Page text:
Retraction Watch

Tracking retractions as a window into the scientific process

50 years later, is it time to retract a retraction by a Nobel prize-winning author?

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Georg Wittig

Georg Wittig

It’s not often that an article is retracted only to be later proven correct. But that may have happened this past summer in the chemistry literature.

In July, a group of researchers recapitulated an experiment largely similar to one that Nobelist Georg Wittig had performed – and subsequently retracted — decades earlier. Their findings suggest Wittig may actually have gotten it right the first time.

On July 27, Peter Chen of ETH Zurich and colleagues published an article online in the journal Angewandte Chemie International Edition that describes a new method for appending a carbon atom to an unsaturated hydrocarbon to create a three-membered ring – a useful chemical transformation known as cyclopropanation. Yet, it was not the first time researchers had reported such a process. As Chen and his colleagues note in the Israel Journal of Chemistry, Georg Wittig of the Ruprecht-Karls-Universität Heidelberg (who would go on to win the chemistry Nobel Prize in 1979) and Volker Franzen reported a similar reaction in 1960 in Angewandte Chemie, a German-language publication.

But when Wittig asked student Dietlinde Krauss to replicate the findings, she “could not reproduce the 1960 results under any set of conditions,” Chen and his team wrote in the Israel Journal of Chemistry, and, in 1964:

Wittig explicitly retracted the claim.

That “retraction” is not a retraction per se. Authored by Krauss and Wittig, but not Franzen, it was published in a separate German-language journal called Justus Liebigs Annalen der Chemie, which subsequently was folded into the European Journal of Organic Chemistry. In that article, Krauss and Wittig write in a footnote (as translated by Google), “The findings of V. Franzen and G. Wittig … could therefore not be confirmed.”

Chen characterized the 1964 article to Retraction Watch as a “repudiation.” And in a subsequent email, he wrote:

If you read what Wittig writes in 1964, it is a retraction because he disavows the work explicitly.

Whatever you call it, the fact remains that after 1964, the paper effectively disappeared. Chen and his team stumbled upon it as they were developing their own method for cyclopropanation. Although they were disappointed to find out they’d been scooped, Chen told Retraction Watch he was surprised to see that the 1960 paper had essentially fallen off the chemistry world’s radar.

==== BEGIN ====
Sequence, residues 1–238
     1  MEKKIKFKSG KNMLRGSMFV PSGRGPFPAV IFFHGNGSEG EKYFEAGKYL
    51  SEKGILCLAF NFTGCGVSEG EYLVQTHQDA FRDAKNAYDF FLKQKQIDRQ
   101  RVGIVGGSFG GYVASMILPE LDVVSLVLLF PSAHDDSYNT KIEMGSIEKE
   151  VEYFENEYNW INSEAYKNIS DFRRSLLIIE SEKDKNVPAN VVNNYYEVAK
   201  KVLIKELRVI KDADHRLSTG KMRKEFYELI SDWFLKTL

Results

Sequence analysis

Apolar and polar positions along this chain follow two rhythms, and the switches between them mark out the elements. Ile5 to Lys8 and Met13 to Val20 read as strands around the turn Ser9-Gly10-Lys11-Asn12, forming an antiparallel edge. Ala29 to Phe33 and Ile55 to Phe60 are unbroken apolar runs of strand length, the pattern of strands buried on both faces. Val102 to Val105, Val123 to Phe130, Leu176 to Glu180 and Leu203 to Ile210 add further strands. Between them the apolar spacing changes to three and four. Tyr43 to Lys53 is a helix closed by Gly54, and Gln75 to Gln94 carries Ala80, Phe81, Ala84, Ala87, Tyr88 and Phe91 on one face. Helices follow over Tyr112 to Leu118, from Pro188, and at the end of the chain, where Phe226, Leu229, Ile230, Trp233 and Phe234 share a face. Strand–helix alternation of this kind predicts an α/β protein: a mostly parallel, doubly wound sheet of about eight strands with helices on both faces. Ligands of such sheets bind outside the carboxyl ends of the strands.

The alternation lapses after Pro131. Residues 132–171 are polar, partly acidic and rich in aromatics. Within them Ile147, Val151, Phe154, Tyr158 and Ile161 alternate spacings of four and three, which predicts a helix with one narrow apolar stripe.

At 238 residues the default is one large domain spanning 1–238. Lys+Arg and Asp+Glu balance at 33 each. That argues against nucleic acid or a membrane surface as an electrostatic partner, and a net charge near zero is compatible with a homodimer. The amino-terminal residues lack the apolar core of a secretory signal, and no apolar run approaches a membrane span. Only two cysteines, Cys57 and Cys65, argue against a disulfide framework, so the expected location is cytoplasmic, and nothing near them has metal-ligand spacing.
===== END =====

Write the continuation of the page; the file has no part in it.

As he and his colleagues write in IJC:

There have been no further publications following up the 1960 Franzen and Wittig Angewandte Chemie Communication after 1964, so definitive was the final judgment by Wittig.

According to Chen, this assertion reflects the reference tool, SciFinder. According to Web of Science, the 1960 article has been cited 47 times, most recently — other than by Chen — in 1996, and only 13 times since 1970. Importantly, however, said Chen, none of these papers actually “follow up the work.”

Presumably, Wittig had this tremendous reputation, that his experimentals always worked. And when he said it doesn’t work, then everybody took it at face value that it doesn’t work.

How then to explain the original report? There were but two possibilities, Chen told us: Either Wittig’s co-author was “lying outright,” or the experiment had, in fact, worked the first time. Assuming the latter, the team then set about determining why it might have worked once and then not again.

The reaction detailed by Chen exhibits what he calls  “sort of a weird set of conditions.” Among other things, the reaction requires a nickel catalyst at a specific concentration, and a sealed container. It isn’t possible, of course, to know what did or didn’t happen decades ago, but it seems “eminently plausible that Franzen’s experiment worked because of adventitious nickel,” Chen said.

It’s not actually that hard for nickel to infiltrate a reaction, Chen noted. Catalysts often are active at very low concentrations. Nickel  is a known impurity of lithium, which is used in the reaction. It also is found in steel, and could have leached out during incubations with acid in the procedure. Even today, trace metal impurities can be remarkably hard to detect and eliminate.

“Wittig was obviously a bright guy,” Chen said:

He got the Nobel Prize for heaven’s sake. But he was not looking for a metal-catalyzed reaction.

Chen’s team, though, was looking.

So we were more primed to find this solution, which they never thought of.

But it still took his team five years to hit upon the right combination of catalyst and conditions to make everything work. Since Wittig and Krauss didn’t realize the reaction needed nickel to proceed, however, they couldn’t replicate the reaction and assumed it was incorrect.

John Montgomery, the Margaret and Herman Sokol Professor in Medicinal or Synthetic Chemistry at the University of Michigan, an expert in nickel chemistry, told us that this missing catalyst could certainly have foiled reproducibility efforts: